Veteran Ulysses 31 animator dies
Shingo Araki, who died yesterday, was one of the giants of Japanese animation. Born in Nagoya in 1939, Araki left education after high school and found a job working for the train manufacturer Nippon Sharyo. He was still working at the NS factory in 1955 when he won a new artists’ competition in the magazine Machi, propelling him into a new career. He struggled to make a living as an illustrator, before being drawn inexorably into the orbit of Japan’s burgeoning television industry, first as a storyboarder for commercials, in which capacity he made contacts at the early studio Otogi Pro. In 1964, he was one of the hundreds of young talents hoovered up by the sudden expansion of Osamu Tezuka’s Mushi Production to meet the impossible demands of weekly 22-minute animated television serials.
Araki was strangely cagey about his days at Mushi Pro, joking that his most enduring memory was of “working” at the company for three months without drawing a single frame of animation. By 1966 he, like many of his fellow artists, had realised that it was more efficient to cut out the dead wood by leaving the company and forming a subcontracting studio with friends that he trusted. As a result, he was one of the founders of Studio Jacquard along with his friend Hiroshi Saito.
As Saito’s right-hand man, Araki became a prominent animator not only on Tezuka’s Jungle Emperor, but on other palpable hits of the 1960s, including the ground-breaking baseball drama Star of the Giants, and the Japanese adaptation of The Moomins. He worked solidly right through Japan’s 1970s doldrums, although Jacquard itself folded along with many other troubled studios in 1972, he reformed around his own company Araki Production. Araki kept busy on numerous tasks in anime production, alternating between animation, character design and storyboards depending on the available work. As a director, he helmed several of the World Masterpiece Theatre serials for Nippon Animation, bringing foreign children’s books to local audiences.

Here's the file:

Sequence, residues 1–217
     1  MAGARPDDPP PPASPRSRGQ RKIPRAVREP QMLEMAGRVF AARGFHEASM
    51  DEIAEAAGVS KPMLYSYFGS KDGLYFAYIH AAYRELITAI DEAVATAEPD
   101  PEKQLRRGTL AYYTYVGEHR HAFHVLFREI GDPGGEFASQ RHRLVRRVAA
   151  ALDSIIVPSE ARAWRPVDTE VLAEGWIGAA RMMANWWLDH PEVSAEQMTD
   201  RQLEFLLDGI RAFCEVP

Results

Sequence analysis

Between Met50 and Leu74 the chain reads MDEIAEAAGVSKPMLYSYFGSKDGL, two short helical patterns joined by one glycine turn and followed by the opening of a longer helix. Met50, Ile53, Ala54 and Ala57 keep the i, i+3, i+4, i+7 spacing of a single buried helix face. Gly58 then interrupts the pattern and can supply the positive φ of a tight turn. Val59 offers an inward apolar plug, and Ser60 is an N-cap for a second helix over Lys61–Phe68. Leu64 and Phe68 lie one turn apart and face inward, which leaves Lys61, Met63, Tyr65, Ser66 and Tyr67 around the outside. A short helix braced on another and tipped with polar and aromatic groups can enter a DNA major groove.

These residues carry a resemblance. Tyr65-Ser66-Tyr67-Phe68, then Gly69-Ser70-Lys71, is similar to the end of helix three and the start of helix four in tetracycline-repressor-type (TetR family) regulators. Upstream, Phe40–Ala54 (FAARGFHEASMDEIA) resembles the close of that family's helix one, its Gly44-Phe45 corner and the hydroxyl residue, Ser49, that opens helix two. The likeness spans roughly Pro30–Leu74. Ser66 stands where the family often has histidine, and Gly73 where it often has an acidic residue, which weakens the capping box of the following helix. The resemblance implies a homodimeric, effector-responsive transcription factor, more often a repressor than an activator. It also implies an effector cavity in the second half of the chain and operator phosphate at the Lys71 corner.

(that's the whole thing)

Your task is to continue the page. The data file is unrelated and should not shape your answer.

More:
He soon found work heading in the opposite direction, working for hire as one of the anonymous figures who made supposedly “foreign” cartoons, including The Mighty Orbots and G.I. Joe. In Britain, his most iconic work surely on the children’s favourite Ulysses 31, which repurposed Greek mythology in space. According to producer Keishi Yamazaki, it was a matter of some annoyance among the staff at Tokyo Movie Shinsha that their names were dropped off the original French broadcast credits.
However, Araki’s global fame rests on another property, largely unknown in the English-speaking world. Saint Seiya, a.k.a. Knights of the Zodiac, was based on the comics by Masami Kurumada, but steered to the screen by Araki and his regular collaborator Michi Himeno. In Spanish- and Chinese-speaking territories, or in other words, across two entire continents, Saint Seiya remains one of the biggest cartoon franchises to have come out of Japan. It is sure to be regarded as his enduring monument by the majority of his fans.
In recent years, Araki took a step back from anime work, returning to his first love of manga illustration. In an interview last month with the French zine Total Manga, he was asked what image he would want to put on the photo album of his life.
“There is a photo that really exists,” he replied, “taken of me when I was a child. I was playing with two of my friends, at sword-fighting. We were exhausted, and posed with our swords, for a moment that was immortalised. That’s what would be on the cover.” He then sketched the photograph for his interviewer before they parted company.
As Araki observed himself, the message of his work was “that in the trials and tribulations of life, it is better to part with a smile.”